Writing Advice I Like or Dislike
I'm always on the lookout for new things to try to improve my writing skills and my process. I follow blogs by other writers or editors who like to share advice on these topics, and I have to admit, they're usually a hit or miss for me. Some worked well, others were frustrating to implement from the start. I want to share some of my experiences, and why some advice worked for me while others did not.
(These are my personal experiences, and I don't mean to dismiss an advice outright if somehow I had trouble with it. I definitely think the best way to approach suggestions about writing is to try them out yourself, and see which ones complement your style and process.)
Advice I Like
Make an outline
I know the writing world is divded into pantsers, those who write "by the seat of their pants," and plotters, those who like to plan out their story before writing. (These days, I notice that more authors say they are a mix of both, which makes sense. It's difficult to completely pigeonhole yourself into a category.) I would say that I am much more a plotter than a pantser, and the more detailed I can make my outline, the better I feel about starting a draft.
I wasn't always this way though. I used to be the ultimate pantser. As soon as I thought of an alluring premise, I started my story with very little thought to the plot and overall structure. At that time, writing was just a hobby I did to relax from my school work so there wasn't a lot of pressure on me to write a well-executed story, but I also honestly thought that was just how authors write in general. I never heard of plot points or story structure, or the different methods of outlining, drafting, or even editing your work.
For the most part, I never really got to the rewrites and the major edits. Unfortunately "winging" my novels caused me to write myself into a corner after falling into terrible plotholes. Unable to work myself out of the corner, I lose interest in the story. Since I'm not the type to run out of ideas, I merely jumped onto the next shiny premise, and repeated the cycle all over again.
I'm not saying that all pantsers have this same experience, of course. I'm sure there are many thoughtful writers out there who carefully avoid plotholes even as they lay down their tracks. Or master editors who are able to creatively patch up a plothole in the next rewrite. I'm only saying that for the type of writer I am, pantsing just wasn't a productive method for me.
After not being able to finish a single story in a decade, I finally decided to research a bit on novel structures and outlining your plot points. Once I learned about these, not only did I manage to finish more stories, but the new stories I wrote were better executed. Another advantage was that I had motivation to keep writing the parts that I wasn't so fond of, because I knew about upcoming scenes that I was excited to write.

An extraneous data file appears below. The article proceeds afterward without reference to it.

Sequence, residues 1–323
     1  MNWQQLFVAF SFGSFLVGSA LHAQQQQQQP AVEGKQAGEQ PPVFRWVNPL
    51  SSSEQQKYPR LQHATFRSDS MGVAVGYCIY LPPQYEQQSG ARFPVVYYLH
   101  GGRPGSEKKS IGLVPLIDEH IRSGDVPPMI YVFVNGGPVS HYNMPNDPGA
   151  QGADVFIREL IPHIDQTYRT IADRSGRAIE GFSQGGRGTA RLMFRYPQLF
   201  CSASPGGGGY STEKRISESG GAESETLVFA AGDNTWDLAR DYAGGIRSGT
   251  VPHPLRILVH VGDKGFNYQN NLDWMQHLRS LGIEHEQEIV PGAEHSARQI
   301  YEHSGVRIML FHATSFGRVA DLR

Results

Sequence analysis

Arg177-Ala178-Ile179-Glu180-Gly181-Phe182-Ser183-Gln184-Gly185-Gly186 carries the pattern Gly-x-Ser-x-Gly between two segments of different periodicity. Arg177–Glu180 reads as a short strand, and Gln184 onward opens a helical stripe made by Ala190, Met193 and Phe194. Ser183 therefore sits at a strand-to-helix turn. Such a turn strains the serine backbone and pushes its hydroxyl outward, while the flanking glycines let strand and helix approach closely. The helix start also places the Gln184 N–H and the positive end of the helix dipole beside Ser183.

One of the most common protests I hear from people who don't want to outline is that it takes away the artistry or the freedom from writing. I don't think that's true. I think the artistry and the freedom occur at different stages for pantsers and plotters. One of the best parts of outlining, for me, is the early brainstorming stage, where I can simply take out my notebook and go wild with ideas. This stage is incredibly creative and freeing. I can brainstorm about out-of-field ideas and not have to worry about how I'm going to type it out on the page, or worry about consistency with what I've already written before. Since I am not tied down to anything, I can explore my ideas as far as I want. And I love the instancy of it too, how quickly I travel through the feedback loop. So I would heartily disagree with those who say that outlining is not creative; the creative part just happens early, and I can focus on other things when I'm actually drafting.
For some people, it may not be such a big issue to try and work out the intricacies of their story while they're drafting. But because I have a full-time job, I don't actually get a lot of dedicated time to write. It's just much more convenient for me to already know what I'm going to write beforehand, to efficiently use the time I set aside for writing.
Don't edit as you draft
This is another advice that depends on your writing process. This advice says that if there are changes in your manuscript (ie. a character's backstory doesn't work, or you need a new feature in your setting, etc.), don't go back and edit what you've written right away; instead, continue writing your manuscript as if those changes have already been implemented.
To be honest, this was a very difficult one for me to try. I'm a very linear writer, and I get a lot of momentum from the parts I've already written. It's hard to move forward when I don't know what I'm moving forward from. But as difficult as it may be, I found that avoiding editing previous parts made me more productive.
There will always be things to edit as long as you're still in the midst of a draft. Many of the edits you might be tempted to make might not even be relevant anymore by the time you finish, so the time you spend making those changes might just be wasted.